Titomic, an Australian industrial additive manufacturing company, has announced a defense agreement with TAUV, a manufacturer of lightweight military-grade armor, to produce “ruggedised soldier-enabled” Unmanned Aerial Vehicles (UAVs) using its Titomic Kinetic Fusion technology.
Following this agreement, a prototype 3D printed ruggedised soldier-enabled UAV created with Titomic’s technology has been shortlisted for the Land Forces 2018 Industry Innovation Awards, an international defense exposition held in Adelaide this week.
“Titomic’s first Defence UAV project validates Titomic’s advanced manufacturing capability to produce complex shaped products with improved performance characteristics as well as the advantage of sovereign industrial capability,” said Gilbert Michaca, CEO of Titomic.
Titomic Kinetic Fusion
Titomic’s patented Kinetic Fusion technology uses a titanium cold-spray technique developed by the Australian Government’s Commonwealth Scientific and Industrial Research Organisation (CSIRO). This process depends on a supersonic gas jet to fire particles at high speed and fuse to a surface on impact which enables dissimilar metals to combine, forming a complete component.
Shipbuilding company Fincantieri Australia is currently using this technology under a memorandum of understanding (MoU) to assess the potential of metal 3D printing for maritime production.
Titomic intends to use its “largest and fastest 3D metal printer,” which was unveiled earlier this year, to manufacture the UAVs. This printer features a 6-axis robot arm and an output size of 9m x 3m x 1.5m and is designed to create large industrial parts such as airplane wings and submarines.
The tactical UAV market
According to the Teal Group, the tactical UAV market in 2018 is estimated to be worth $545 million. Recognising the value, TAUV, specialists in the integration of electronics for advanced tactical soldier systems, accelerated the testing to production phase of its ruggedised soldier-enabled UAV prototype.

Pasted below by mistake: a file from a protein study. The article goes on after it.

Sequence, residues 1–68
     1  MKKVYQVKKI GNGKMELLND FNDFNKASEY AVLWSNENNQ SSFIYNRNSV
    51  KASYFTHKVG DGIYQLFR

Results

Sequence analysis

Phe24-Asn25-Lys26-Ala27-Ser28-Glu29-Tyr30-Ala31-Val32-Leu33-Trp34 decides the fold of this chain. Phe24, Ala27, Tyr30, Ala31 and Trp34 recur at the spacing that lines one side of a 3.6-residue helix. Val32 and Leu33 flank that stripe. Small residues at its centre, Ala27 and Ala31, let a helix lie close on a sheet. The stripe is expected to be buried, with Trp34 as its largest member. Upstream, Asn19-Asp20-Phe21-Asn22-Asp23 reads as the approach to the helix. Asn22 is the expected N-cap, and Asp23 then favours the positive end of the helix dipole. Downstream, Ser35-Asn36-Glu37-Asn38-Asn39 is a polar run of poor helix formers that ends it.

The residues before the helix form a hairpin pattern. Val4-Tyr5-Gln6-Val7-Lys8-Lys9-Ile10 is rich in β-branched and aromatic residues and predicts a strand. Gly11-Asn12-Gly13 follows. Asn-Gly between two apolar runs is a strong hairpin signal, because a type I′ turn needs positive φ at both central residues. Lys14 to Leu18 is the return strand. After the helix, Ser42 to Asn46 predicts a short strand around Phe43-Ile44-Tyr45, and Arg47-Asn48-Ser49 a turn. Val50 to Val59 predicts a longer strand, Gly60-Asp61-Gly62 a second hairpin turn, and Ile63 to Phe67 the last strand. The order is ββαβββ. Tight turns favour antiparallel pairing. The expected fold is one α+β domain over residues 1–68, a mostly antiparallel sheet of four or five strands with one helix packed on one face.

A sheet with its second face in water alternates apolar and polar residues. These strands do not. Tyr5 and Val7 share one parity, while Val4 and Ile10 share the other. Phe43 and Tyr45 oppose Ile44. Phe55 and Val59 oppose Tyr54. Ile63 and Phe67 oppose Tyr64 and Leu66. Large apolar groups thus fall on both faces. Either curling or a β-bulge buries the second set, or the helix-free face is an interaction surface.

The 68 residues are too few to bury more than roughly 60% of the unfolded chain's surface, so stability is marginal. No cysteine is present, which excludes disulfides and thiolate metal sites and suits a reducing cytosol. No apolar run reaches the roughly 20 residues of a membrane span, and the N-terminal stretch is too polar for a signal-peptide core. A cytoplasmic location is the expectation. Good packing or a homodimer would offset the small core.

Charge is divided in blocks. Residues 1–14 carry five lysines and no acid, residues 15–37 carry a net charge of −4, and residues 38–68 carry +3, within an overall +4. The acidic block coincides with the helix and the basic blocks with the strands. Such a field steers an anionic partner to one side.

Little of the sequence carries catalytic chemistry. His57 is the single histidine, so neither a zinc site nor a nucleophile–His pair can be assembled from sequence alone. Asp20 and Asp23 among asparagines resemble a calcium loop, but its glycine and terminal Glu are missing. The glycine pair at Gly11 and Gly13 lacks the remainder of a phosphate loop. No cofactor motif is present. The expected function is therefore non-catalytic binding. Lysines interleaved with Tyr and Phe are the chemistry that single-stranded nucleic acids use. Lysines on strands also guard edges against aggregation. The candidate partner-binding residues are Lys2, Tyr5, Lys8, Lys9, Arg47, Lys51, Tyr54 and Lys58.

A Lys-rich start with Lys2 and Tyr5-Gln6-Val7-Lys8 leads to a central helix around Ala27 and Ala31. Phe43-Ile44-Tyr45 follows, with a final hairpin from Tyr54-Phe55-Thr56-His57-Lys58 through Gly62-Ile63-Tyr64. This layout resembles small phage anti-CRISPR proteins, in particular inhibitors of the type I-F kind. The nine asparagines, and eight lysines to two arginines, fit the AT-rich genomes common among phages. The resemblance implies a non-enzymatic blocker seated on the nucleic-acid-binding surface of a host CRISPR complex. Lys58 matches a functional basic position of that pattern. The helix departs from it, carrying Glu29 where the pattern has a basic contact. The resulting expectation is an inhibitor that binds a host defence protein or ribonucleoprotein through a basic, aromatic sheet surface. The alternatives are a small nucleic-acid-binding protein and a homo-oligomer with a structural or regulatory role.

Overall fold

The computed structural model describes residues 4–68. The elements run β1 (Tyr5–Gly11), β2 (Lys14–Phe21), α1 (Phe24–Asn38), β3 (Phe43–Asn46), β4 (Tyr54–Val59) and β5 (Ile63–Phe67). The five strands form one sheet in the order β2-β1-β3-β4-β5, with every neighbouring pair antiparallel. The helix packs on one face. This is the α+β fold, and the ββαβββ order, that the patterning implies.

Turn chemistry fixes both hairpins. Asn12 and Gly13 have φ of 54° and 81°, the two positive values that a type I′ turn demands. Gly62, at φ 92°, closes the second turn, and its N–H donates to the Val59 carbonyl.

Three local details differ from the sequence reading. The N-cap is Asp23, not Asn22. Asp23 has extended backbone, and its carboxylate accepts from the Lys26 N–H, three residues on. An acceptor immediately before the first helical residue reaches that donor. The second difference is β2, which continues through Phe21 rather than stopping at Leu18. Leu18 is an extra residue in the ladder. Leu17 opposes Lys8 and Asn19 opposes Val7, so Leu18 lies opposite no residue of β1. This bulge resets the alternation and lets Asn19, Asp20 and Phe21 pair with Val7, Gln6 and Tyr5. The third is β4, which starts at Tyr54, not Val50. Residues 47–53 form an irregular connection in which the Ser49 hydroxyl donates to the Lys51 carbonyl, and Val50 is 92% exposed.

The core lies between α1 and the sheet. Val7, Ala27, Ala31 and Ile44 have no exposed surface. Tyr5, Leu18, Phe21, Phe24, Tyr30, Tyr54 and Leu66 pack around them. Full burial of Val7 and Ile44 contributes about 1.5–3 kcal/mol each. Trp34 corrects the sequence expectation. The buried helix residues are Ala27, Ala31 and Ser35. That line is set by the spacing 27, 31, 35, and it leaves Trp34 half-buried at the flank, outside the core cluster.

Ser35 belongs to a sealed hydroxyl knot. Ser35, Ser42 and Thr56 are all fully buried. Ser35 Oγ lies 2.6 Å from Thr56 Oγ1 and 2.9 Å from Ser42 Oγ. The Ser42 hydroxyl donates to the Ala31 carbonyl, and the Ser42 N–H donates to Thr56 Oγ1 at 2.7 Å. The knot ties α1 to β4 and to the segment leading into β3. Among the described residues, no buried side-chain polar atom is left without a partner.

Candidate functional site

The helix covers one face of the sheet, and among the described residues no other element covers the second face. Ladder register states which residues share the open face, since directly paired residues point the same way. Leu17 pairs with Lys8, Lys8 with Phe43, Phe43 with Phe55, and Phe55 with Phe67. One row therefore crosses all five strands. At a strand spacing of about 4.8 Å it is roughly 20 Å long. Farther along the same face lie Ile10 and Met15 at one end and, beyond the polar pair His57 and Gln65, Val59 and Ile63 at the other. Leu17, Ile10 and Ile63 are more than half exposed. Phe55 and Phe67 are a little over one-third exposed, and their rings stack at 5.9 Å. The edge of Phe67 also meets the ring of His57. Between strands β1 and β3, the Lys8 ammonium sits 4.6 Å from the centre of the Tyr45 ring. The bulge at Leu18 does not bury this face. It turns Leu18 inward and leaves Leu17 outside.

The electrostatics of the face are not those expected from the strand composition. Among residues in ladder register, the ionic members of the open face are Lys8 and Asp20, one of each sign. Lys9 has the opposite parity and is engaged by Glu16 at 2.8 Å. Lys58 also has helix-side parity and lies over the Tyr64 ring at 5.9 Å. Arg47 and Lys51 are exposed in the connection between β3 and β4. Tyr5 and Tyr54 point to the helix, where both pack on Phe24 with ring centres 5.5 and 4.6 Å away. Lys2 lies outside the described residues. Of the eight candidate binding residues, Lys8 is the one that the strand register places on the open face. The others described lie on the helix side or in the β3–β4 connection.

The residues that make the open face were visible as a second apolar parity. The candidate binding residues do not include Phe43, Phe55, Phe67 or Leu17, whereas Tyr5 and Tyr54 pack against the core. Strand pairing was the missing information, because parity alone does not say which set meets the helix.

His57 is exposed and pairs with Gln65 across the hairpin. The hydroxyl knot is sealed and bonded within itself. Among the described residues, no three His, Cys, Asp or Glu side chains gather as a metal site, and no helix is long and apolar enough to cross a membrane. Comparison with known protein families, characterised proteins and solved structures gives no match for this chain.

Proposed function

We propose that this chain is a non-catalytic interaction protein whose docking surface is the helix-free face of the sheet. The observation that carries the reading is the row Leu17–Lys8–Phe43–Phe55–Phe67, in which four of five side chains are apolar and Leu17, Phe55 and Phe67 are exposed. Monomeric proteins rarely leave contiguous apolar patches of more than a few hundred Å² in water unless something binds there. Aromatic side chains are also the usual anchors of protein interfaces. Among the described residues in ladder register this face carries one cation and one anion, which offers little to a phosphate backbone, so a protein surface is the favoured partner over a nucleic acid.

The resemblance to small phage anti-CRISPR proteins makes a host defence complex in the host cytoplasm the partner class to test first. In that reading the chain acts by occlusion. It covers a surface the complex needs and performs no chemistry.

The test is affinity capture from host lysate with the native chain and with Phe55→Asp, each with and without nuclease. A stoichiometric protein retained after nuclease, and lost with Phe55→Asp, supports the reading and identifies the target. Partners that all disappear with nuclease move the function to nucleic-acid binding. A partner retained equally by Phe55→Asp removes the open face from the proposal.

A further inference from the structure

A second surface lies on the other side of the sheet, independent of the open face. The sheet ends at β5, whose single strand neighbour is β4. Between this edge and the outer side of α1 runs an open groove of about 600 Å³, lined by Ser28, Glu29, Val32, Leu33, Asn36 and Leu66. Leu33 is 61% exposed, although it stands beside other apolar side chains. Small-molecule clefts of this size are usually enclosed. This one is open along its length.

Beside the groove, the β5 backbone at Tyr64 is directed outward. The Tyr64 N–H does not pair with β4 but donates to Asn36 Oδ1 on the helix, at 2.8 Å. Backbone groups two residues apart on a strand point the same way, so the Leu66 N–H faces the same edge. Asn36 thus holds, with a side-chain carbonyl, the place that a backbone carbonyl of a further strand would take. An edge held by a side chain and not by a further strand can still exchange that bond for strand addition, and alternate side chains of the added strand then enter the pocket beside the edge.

This titanium prototype is designed with improved stability and impact resistance, tamperproof payloads in the hands of enemies, external mounting for easy deployment, and forward scouting capabilities of military training routes. These functions ultimately enhance soldier safety and performance.
Ensuring the operational advantage for its soldiers, the U.S. Department of Defense (DoD) has also created a swarm of 3D printed autonomous micro drones known as Perdix as well as the TERN military delivery drone.
Titomic believes that its award nomination for its titanium UAV prototype project validates its technology’s potential applications in one of its target industries.
“This prototype of a Titanium soldier-enabled UAV manufactured in Australia is just the first step into a market with significant export potential,” added Michaca.
The next phase of testing of the ruggedised soldier-enabled UAV in titanium will take place in Adelaide.
For more of the latest research related to 3D printing sign up to the 3D Printing Industry newsletter, Also, follow us on Twitter, and like us on Facebook.
On the lookout for new talent or seeking a career change? Search and post 3D Printing Jobs for opportunities and new talent across engineering, marketing, sales and more.
Featured image shows the Titomic and TAUV team with the 3D printed titanium UAV. Photo via Titomic.